American Chemical Society
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Waste Beverage Coffee-Induced Hard Carbon Granules for Sodium-Ion Batteries

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journal contribution
posted on 2019-07-18, 17:42 authored by Min Eui Lee, Hyo Won Kwak, Hyoung-Joon Jin, Young Soo Yun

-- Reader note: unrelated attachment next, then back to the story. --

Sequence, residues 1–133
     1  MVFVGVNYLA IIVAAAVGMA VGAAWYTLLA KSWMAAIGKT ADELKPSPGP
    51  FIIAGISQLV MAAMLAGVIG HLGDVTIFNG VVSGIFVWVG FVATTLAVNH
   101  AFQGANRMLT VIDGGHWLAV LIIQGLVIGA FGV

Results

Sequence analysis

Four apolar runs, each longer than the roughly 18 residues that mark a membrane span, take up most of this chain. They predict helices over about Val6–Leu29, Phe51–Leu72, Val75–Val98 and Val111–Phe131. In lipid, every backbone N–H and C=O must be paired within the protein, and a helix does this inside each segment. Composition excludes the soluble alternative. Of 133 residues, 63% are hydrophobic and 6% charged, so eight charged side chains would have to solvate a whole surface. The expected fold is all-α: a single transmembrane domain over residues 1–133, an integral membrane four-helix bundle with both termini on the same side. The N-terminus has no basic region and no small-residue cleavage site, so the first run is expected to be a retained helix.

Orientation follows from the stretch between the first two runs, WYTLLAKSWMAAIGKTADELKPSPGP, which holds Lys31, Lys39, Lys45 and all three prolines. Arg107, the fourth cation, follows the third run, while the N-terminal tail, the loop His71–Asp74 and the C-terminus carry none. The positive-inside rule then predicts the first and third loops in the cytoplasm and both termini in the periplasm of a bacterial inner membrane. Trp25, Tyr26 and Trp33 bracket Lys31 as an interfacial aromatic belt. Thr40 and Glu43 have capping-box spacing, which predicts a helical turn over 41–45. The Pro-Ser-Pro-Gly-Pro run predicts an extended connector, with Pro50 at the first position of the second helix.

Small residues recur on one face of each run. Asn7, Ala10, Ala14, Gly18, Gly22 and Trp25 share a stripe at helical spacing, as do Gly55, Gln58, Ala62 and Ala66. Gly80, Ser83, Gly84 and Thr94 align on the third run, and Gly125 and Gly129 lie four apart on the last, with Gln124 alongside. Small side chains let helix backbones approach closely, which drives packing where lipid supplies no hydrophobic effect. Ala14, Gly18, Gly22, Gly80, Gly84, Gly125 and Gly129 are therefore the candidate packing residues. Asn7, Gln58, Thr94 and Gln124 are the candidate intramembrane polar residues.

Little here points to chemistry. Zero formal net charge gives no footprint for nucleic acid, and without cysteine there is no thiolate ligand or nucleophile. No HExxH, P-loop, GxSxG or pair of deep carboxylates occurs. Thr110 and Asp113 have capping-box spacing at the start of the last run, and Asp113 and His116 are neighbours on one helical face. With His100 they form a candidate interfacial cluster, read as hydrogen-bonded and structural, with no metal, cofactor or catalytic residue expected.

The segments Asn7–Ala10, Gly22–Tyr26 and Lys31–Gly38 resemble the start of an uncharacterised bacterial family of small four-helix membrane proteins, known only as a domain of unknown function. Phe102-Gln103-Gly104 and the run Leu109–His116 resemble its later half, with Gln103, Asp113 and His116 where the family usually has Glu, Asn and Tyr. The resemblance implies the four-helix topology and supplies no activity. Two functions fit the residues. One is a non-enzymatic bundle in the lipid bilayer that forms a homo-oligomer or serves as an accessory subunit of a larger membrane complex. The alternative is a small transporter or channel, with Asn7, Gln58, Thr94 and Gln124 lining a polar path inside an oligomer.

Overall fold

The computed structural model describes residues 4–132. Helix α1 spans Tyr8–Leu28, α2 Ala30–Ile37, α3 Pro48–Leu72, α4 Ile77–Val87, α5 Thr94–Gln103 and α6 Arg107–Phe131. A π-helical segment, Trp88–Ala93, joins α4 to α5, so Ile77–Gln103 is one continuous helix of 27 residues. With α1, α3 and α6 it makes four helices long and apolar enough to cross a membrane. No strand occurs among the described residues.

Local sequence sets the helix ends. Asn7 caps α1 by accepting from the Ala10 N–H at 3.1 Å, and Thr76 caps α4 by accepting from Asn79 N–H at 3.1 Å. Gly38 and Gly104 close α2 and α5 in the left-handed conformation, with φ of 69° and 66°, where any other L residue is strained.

Sodium-ion batteries (SIBs) have received considerable attention as sustainable and stable energy-storage devices, but their electrochemical performance is inferior to that of current lithium-ion batteries. In this study, we designed high-plateau-capacity hard carbons from waste beverage coffee (WBC) grounds as an anodes for SIBs, using a simple pyrolysis process followed by heating. The inherent structure of the basalt-like WBCs was preserved during the thermal treatment process, resulting in highly porous internal microstructures composed of severely tousled carbon building blocks. Furthermore, the hard carbon prepared by heating WBCs at 2000 °C had the lowest bulk density and consisted of poly hexagonal carbon fragments that had undergone only slight growth. These WBCs exhibited a low-voltage single-plateau capacity of ∼235 mA h g–1 at 25 mA g–1, with ∼84% and ∼96% of this capacity maintained at a rate 10× higher than the current rate (25 mA g–1) for over 200 cycles, respectively. Several analytical results indicated that the carbon microstructure and the density of active closed pores are both closely correlated with the plateau capacity and sodium diffusion rate.